Finally, a total of 330 patients were included. The experimental protocol was established according to the ethical guidelines of the Helsinki Declaration and was approved by the Human Ethics Committee of West China Second University Hospital. Written informed consent was obtained from individuals or their guardians.

METHODS:

After strict screening, a total of 330 patients were included, and their clinical data were comprehensively collected for retrospective analysis. All had undergone HSG, the result of which revealed that the uterine cavity was normal with the bilateral fallopian tubes unobstructed. They were divided into 3 groups: Study Group 1 (153 cases), Study Group 2 (116 cases), and Control Group (61 cases), based on whether they underwent laparoscopic exploration and the timing of surgery. Patients in Study Group 1 underwent laparoscopic exploration 1 month after HSG, patients in Study Group 2 received laparoscopic exploration after trying to conceive for 3 months without fertilization after taking an HSG examination. According to the specific conditions during laparoscopy, repair and plastic surgery of fallopian tube, electrocautery of endometriosis and uterine suspension were performed. Patients in the Control Group, who refused surgery, only underwent expectant management or ovulation monitoring. Furthermore, for primary infertile patients with patent fallopian tubes complicated with pelvic effusion, we investigated the effects of diagnostic/therapeutic laparoscopy and the timing of surgery on the spontaneous pregnancy rate within 6 months after surgery.

GENERAL CONDITIONS:

The general conditions of all patients were recorded, including age, infertility duration, menstrual cycle, anti-Mullerian hormone (AMH), and body mass index (BMI).

LAPAROSCOPIC EXPLORATION:

The patients in the laparoscopic exploration groups (Study Group 1 and Study Group 2) underwent surgery under general anesthesia within 3 to 7 days after the end of 1 period, without sexual activity. The pelvic organs and peritoneal surface were comprehensively examined for EMs lesions to observe the distribution and characteristics of pelvic effusion, while the following operations were performed:

The surgical records were searched for relevant surgical data and compare the 2 groups of patients from:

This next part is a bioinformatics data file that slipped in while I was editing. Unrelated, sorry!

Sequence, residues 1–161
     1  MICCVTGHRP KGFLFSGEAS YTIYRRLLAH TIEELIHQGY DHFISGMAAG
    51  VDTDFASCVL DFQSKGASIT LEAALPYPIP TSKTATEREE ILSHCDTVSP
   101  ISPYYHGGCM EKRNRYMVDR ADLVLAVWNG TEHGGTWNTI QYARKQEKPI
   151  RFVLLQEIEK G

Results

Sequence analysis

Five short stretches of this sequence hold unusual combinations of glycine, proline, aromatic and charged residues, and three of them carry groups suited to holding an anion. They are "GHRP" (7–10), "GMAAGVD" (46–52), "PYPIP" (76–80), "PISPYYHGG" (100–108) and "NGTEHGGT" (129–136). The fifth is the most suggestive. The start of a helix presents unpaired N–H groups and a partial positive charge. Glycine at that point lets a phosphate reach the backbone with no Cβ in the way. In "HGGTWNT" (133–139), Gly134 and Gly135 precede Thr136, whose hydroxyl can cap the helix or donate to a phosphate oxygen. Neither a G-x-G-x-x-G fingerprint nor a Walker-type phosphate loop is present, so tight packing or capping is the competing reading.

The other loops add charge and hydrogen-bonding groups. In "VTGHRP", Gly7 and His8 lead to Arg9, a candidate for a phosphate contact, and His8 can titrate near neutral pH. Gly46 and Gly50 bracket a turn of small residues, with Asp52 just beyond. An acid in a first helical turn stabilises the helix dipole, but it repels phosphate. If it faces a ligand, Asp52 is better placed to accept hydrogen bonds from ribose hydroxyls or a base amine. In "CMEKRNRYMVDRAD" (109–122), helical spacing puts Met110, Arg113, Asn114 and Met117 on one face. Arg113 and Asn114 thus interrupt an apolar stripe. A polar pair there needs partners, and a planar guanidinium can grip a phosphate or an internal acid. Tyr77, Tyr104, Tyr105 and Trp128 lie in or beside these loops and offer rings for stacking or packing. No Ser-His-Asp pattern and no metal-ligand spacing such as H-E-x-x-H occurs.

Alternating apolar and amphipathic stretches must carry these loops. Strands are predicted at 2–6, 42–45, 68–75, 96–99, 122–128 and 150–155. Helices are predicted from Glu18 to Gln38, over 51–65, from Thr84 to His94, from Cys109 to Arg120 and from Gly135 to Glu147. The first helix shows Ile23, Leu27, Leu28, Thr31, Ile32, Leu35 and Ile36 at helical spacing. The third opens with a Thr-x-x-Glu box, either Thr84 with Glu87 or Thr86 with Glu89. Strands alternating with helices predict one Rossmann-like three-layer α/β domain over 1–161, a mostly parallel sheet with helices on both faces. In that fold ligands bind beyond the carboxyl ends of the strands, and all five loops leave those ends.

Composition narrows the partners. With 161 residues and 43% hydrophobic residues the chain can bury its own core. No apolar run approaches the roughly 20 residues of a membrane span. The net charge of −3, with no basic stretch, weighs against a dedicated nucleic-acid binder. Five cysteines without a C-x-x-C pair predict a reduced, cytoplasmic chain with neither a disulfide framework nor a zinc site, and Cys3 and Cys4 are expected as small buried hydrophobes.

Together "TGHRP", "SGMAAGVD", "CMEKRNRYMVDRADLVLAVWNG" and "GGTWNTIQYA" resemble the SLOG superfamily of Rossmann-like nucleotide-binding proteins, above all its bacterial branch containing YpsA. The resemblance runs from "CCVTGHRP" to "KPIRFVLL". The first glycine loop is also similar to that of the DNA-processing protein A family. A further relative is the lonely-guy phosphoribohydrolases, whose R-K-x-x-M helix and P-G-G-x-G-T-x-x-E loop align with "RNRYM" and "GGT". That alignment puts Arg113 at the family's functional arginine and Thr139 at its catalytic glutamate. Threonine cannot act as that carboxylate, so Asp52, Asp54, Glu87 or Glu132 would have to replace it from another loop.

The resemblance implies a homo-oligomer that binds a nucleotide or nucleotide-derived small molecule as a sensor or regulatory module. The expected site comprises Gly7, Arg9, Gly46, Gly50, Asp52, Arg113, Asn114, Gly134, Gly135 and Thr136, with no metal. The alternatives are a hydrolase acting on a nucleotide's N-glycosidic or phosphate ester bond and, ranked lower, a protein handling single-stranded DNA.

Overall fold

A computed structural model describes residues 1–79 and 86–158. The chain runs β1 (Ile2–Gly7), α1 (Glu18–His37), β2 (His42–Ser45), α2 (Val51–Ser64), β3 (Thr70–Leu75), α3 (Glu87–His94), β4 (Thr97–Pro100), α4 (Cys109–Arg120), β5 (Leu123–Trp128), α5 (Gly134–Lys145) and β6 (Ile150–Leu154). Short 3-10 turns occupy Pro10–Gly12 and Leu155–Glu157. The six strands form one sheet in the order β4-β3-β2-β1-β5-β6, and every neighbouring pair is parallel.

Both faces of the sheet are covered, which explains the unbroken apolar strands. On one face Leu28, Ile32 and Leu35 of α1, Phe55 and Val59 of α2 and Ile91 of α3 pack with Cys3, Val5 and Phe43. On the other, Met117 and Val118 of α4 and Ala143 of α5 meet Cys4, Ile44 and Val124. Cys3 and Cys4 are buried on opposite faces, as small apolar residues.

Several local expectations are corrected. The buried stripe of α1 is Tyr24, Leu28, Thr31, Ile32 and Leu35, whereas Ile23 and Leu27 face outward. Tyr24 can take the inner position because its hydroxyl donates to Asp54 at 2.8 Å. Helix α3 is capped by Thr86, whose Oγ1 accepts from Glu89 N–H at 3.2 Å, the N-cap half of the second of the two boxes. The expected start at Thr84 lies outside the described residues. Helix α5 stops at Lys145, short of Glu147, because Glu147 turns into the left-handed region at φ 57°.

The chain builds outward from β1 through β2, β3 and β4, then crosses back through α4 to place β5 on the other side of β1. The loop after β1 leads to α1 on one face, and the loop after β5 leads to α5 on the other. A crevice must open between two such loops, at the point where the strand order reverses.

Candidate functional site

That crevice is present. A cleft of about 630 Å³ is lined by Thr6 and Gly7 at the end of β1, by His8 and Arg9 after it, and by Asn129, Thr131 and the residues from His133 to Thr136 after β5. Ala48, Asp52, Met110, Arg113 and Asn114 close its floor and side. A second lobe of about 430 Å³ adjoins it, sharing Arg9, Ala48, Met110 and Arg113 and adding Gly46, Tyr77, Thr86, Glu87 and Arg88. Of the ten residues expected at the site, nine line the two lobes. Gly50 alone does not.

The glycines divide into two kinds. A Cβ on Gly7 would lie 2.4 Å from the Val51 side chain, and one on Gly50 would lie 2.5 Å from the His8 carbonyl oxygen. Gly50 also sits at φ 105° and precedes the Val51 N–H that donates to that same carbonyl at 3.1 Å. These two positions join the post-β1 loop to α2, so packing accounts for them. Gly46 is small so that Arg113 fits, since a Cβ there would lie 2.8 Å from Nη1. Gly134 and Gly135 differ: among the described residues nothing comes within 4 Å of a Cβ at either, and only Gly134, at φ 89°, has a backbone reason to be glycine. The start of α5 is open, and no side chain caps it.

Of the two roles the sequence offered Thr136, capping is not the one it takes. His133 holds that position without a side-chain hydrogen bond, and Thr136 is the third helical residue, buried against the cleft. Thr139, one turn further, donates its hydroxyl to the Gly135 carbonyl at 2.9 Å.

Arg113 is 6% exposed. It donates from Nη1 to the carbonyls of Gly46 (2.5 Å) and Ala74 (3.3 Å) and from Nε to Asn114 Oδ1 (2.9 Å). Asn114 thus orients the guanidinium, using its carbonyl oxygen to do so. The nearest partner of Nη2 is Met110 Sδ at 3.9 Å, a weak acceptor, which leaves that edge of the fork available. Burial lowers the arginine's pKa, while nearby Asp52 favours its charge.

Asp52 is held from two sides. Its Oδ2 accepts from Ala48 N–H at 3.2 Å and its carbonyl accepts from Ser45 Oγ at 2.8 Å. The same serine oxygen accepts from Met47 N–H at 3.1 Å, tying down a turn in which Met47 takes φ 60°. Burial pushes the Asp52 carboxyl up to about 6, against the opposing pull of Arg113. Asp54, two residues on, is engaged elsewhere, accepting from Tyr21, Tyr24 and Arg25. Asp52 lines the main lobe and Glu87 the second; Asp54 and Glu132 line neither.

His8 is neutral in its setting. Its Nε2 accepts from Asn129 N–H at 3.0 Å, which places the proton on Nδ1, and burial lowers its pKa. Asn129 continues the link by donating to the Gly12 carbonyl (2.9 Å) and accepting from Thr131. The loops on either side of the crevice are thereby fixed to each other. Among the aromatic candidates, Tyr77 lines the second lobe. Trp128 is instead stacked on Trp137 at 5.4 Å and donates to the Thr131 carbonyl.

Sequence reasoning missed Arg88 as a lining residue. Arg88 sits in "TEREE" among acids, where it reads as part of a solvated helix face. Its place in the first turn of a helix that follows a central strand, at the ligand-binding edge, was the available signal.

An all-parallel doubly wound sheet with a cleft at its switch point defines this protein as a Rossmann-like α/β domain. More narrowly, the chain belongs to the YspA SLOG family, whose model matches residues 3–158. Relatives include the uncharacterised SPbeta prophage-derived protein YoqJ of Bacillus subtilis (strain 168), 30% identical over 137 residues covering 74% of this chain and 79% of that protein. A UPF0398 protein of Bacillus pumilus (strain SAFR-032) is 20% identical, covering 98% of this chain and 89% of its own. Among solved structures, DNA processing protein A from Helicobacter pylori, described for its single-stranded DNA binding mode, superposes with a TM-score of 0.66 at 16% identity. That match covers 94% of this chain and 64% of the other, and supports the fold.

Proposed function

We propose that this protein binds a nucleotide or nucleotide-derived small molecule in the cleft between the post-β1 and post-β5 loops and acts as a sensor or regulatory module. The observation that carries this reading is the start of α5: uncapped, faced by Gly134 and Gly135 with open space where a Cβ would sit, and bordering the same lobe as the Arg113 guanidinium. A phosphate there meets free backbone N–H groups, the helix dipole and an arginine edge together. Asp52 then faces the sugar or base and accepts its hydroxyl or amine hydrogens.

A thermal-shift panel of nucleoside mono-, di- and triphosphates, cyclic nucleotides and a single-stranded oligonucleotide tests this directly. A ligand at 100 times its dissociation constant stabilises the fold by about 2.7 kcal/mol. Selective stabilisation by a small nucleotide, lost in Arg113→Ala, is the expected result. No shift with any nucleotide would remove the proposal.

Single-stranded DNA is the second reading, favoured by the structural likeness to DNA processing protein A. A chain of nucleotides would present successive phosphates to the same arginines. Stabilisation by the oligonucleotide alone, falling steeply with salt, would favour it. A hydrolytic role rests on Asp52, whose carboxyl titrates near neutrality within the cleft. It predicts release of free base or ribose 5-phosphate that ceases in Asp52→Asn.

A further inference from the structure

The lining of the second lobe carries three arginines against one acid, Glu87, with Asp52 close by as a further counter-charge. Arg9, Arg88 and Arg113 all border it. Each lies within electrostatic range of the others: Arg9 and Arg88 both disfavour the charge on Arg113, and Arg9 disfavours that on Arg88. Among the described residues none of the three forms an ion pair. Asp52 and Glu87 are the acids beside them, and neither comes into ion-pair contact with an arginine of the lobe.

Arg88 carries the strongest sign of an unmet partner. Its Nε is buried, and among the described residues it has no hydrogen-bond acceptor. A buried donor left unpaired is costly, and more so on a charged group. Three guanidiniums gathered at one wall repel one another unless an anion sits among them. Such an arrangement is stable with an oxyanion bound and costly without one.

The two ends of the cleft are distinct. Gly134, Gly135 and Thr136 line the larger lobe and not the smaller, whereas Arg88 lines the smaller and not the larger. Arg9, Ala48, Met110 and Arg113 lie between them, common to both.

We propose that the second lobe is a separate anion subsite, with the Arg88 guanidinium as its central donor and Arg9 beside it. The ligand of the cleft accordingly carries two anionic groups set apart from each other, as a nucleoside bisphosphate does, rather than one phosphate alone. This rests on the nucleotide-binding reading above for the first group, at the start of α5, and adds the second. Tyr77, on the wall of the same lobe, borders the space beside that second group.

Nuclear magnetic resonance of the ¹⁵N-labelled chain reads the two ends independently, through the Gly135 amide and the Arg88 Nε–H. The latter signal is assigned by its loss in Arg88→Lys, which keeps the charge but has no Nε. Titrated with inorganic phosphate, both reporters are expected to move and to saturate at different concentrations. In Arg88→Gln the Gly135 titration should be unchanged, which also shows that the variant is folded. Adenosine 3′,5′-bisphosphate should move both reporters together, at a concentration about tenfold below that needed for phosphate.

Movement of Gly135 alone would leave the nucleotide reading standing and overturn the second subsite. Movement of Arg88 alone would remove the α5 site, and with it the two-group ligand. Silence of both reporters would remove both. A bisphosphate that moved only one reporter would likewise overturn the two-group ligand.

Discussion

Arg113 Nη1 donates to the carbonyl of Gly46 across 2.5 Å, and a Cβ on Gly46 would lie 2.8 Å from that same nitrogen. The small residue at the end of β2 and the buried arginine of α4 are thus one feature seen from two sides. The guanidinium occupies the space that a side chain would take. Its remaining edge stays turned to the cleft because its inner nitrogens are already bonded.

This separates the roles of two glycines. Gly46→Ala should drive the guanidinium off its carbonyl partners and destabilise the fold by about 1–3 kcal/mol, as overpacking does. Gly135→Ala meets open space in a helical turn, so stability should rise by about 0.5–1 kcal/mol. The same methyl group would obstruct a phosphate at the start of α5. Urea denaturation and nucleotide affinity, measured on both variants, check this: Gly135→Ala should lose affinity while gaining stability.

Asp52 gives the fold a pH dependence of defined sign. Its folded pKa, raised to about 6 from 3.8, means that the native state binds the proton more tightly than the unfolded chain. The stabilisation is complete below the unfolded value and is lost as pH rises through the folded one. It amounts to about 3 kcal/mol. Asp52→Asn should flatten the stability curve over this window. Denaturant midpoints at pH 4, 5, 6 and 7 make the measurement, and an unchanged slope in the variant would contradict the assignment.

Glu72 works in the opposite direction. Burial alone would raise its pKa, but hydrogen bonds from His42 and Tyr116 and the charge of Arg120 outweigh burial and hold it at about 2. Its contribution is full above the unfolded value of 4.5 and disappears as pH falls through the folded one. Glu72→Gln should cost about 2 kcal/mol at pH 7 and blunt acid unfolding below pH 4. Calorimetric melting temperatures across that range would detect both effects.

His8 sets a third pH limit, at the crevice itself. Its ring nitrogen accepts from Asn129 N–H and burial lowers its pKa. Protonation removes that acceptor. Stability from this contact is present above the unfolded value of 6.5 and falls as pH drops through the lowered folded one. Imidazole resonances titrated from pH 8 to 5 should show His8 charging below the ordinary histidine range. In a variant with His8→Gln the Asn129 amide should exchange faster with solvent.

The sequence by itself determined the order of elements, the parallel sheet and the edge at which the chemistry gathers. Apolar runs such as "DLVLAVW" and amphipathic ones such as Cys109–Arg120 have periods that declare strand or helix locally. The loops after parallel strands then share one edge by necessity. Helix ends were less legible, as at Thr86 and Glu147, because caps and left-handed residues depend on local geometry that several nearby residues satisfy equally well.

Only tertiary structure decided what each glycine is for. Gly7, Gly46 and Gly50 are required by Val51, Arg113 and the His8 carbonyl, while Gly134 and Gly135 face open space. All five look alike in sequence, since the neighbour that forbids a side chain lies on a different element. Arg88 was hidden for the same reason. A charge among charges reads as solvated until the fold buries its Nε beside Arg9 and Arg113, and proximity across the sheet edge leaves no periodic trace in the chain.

COMPARISON OF SPONTANEOUS PREGNANCY RATES:

Patients in Study Group 1 and Study Group 2 were observed and expected to have spontaneous pregnancy for 6 months after surgery, and the patients in the Control Group were also observed for 6 months. Their pregnancy situation was determined by inquiring outpatient cases and telephone follow-up, and the spontaneous pregnancy rates within 6 months were compared among the 3 groups.

STATISTICS PROCESSING:

SPSS 26.0 software was used for statistical analysis of data, where quantitative data were expressed as (χ̆±s), with one-way analysis of variance used for comparisons among groups, and qualitative data were expressed as percentages (%) with the chi-square test used for comparisons among groups. Unless otherwise specified, the test level α was set at 0.05.

Results

COMPARISON OF GENERAL CONDITIONS OF PATIENTS IN THE 3 GROUPS:

The differences in the general information of the patients in the 3 groups, such as age, infertility duration, menstrual cycle, AMH level, and BMI, were not statistically significant (P>0.05), suggesting that the baseline data between the groups were comparable, as shown in Table 1.

COMPARISON OF SPONTANEOUS PREGNANCY AMONG THE 3 GROUPS OF PATIENTS:

Comparing spontaneous pregnancy rates within 6 months among the 3 groups, the ratios of Study Group 1, Study Group 2, and Control Group were 73.9%, 52.6%, and 13.1%, respectively, and the difference between groups was statistically significant (P<0.05) when using the Bonferroni adjustment method for pairwise comparison (Table 3). In our study, the reported spontaneous pregnancy rates after surgery were higher compared to other international studies, which may be related to the following factors:

COMPARISON OF PREGNANCY OUTCOMES AMONG THE 3 GROUPS OF PATIENTS:

The pregnancy outcomes of the 3 groups were recorded or tracked until miscarriage or delivery, and the pregnancy outcome indicators (abortion rate, live birth rate, and ectopic pregnancy rate) were compared. Among all the pregnant cases, the miscarriage rates of Study Group 1, Study Group 2, and Control Group were 15.0% (17/113), 19.7% (12/61), and 25.0% (2/8), respectively, and the live birth rates of the 3 groups were 85.0% (96/113), 80.3% (49/61), and 75.0% (6/8), respectively, with no statistically significant difference (P=0.646). The ectopic pregnancy rates of the 3 groups were 2.7% (3/113), 3.3% (2/61), and 12.5% (1/8), respectively. The ectopic pregnancy rate in the Control Group was obviously higher than that in the 2 study groups, but the difference was not statistically significant (P=0.381).

Discussion

PATHOGENESIS OF EMS – LED BY THE IMPLANTATION THEORY OF RETROGRADE MENSTRUATION: